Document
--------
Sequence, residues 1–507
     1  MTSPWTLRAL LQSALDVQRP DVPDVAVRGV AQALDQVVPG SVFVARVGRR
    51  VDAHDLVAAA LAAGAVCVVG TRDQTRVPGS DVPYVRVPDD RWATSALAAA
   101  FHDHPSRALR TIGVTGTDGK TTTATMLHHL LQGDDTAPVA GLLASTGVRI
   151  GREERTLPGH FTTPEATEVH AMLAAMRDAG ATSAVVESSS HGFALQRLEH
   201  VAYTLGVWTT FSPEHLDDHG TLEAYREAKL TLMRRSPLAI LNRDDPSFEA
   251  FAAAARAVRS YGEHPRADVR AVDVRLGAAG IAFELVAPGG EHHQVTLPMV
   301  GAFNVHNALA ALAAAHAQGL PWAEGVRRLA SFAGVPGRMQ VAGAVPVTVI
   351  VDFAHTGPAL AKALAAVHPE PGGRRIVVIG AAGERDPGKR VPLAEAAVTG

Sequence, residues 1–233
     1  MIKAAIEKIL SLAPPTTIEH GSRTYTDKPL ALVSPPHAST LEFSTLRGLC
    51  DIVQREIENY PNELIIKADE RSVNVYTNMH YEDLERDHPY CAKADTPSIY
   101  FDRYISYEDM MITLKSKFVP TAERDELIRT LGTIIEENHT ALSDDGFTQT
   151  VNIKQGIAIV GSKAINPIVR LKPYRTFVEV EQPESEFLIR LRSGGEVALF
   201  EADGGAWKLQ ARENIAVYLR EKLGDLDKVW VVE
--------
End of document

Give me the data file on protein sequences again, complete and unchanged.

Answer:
Sequence, residues 1–507
     1  MTSPWTLRAL LQSALDVQRP DVPDVAVRGV AQALDQVVPG SVFVARVGRR
    51  VDAHDLVAAA LAAGAVCVVG TRDQTRVPGS DVPYVRVPDD RWATSALAAA
   101  FHDHPSRALR TIGVTGTDGK TTTATMLHHL LQGDDTAPVA GLLASTGVRI
   151  GREERTLPGH FTTPEATEVH AMLAAMRDAG ATSAVVESSS HGFALQRLEH
   201  VAYTLGVWTT FSPEHLDDHG TLEAYREAKL TLMRRSPLAI LNRDDPSFEA
   251  FAAAARAVRS YGEHPRADVR AVDVRLGAAG IAFELVAPGG EHHQVTLPMV
   301  GAFNVHNALA ALAAAHAQGL PWAEGVRRLA SFAGVPGRMQ VAGAVPVTVI
   351  VDFAHTGPAL AKALAAVHPE PGGRRIVVIG AAGERDPGKR VPLAEAAVTG

Sequence, residues 1–233
     1  MIKAAIEKIL SLAPPTTIEH GSRTYTDKPL ALVSPPHAST LEFSTLRGLC
    51  DIVQREIENY PNELIIKADE RSVNVYTNMH YEDLERDHPY CAKADTPSIY
   101  FDRYISYEDM MITLKSKFVP TAERDELIRT LGTIIEENHT ALSDDGFTQT
   151  VNIKQGIAIV GSKAINPIVR LKPYRTFVEV EQPESEFLIR LRSGGEVALF
   201  EADGGAWKLQ ARENIAVYLR EKLGDLDKVW VVE